Skip to main content

Abdominal versus laparoscopic hysterectomies for benign diseases: evaluation of morbidity and mortality among 465,798 cases

An Erratum to this article was published on 25 September 2014


Hysterectomy is the most common major gynecological surgery performed in women. The aim of this study was to compare major morbidity and mortality between abdominal hysterectomy (AH) and laparoscopic hysterectomy (LH) for benign diseases. We performed a retrospective cohort study using the data from Health Cost and Utilization Project Nationwide Inpatient Sample. Women were admitted for hysterectomy for benign diseases between the years 2002 and 2008. In-hospital morbidities and mortalities were identified using the diagnostic and procedural codes classified according to the International Classification of Disease, Ninth Revision, and Clinical Modification. Logistic regression analysis was used to estimate the relationship between the type of hysterectomy and the development of major morbidity and mortality. Of a total 465,798 cases, 389,189 women (83.6 %) underwent AH and the remainders underwent LH (76,609, 16.4 %). The LH group was younger and more likely to be Caucasian than those who underwent AH. Although major morbidities and mortalities were rare, women who underwent LH were less likely to develop thromboembolic events (0.68 % vs. 0.84 %, odds ratio (OR) 0.85 (0.77–0.93)), require blood transfusions (2.4 % vs. 4.7 %, OR 0.58 (0.55–0.61)), and sustain bowel perforation (0.07 % vs. 0.13 %, OR 0.56 (0.42–0.74)). The mortality rate was also lower in the LH group (0.01 %) compared with the AH group (0.03 %, OR 0.48 (0.24–0.95)). Our conclusion was that for benign diseases, laparoscopic hysterectomy is associated with a lower complication rate than abdominal hysterectomy. When possible, hysterectomy performed for benign diseases should be performed with minimally invasive technique.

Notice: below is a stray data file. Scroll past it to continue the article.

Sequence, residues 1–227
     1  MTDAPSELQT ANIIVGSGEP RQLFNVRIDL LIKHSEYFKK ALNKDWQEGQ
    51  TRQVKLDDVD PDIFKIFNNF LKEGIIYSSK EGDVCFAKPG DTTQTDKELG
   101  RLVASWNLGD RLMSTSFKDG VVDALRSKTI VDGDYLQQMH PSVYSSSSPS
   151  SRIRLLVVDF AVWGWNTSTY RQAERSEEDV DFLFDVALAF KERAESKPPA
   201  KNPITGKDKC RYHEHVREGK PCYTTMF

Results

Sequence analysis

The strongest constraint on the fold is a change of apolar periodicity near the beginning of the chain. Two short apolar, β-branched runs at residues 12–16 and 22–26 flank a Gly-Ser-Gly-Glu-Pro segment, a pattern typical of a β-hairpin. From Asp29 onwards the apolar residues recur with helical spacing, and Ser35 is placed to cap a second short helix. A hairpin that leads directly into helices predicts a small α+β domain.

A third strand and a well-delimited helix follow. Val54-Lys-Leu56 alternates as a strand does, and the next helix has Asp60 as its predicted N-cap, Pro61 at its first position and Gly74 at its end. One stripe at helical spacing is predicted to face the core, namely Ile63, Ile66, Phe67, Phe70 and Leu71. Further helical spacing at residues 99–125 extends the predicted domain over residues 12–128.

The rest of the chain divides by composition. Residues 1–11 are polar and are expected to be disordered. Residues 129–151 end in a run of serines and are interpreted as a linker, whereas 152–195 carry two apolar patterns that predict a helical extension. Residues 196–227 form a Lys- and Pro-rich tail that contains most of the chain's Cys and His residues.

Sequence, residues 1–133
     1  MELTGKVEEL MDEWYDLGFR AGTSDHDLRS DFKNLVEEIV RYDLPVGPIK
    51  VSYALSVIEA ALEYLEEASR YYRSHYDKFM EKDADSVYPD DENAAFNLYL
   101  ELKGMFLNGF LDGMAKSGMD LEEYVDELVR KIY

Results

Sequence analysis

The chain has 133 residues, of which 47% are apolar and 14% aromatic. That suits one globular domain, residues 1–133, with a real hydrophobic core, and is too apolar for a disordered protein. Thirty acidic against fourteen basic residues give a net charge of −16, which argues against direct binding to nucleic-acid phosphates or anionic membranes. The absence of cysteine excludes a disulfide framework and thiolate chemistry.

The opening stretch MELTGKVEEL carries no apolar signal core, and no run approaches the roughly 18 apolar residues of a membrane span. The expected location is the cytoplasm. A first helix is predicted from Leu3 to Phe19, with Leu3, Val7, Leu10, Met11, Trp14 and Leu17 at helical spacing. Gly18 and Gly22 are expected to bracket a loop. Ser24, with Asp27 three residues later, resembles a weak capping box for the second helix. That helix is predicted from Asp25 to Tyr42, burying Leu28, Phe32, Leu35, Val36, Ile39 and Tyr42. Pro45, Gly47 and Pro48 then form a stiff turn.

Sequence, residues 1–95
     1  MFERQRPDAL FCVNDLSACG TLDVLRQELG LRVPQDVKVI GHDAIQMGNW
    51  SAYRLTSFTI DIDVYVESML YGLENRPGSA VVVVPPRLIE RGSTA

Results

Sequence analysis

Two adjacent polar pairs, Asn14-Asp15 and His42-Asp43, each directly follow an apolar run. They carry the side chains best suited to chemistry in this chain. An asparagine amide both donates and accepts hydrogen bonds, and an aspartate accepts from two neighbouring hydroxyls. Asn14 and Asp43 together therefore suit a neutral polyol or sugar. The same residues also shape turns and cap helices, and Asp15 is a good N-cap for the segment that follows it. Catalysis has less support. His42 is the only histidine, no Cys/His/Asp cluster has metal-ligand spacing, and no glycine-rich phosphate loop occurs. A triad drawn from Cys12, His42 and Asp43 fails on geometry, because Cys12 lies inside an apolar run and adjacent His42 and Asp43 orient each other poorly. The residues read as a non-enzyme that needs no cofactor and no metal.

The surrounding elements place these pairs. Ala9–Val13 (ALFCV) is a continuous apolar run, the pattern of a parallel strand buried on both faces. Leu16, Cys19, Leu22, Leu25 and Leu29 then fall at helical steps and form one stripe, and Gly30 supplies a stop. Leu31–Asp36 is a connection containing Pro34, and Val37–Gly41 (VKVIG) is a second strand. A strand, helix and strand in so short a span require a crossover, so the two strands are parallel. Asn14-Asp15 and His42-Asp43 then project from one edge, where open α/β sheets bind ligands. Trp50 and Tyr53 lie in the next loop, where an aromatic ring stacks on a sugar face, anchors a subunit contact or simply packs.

Hysterectomy is the most common major gynecological surgery performed in women [1]. The majority of patients undergo hysterectomy for benign conditions including uterine leiomyoma, pelvic organ prolapse, or menorrhagia [2]. The surgical indication for hysterectomy has remained unchanged over time; however, the medical and surgical options for treatment of benign gynecological diseases have evolved considerably. The traditional approaches for hysterectomy were by laparotomy (abdominal hysterectomy (AH)) or vaginally [1].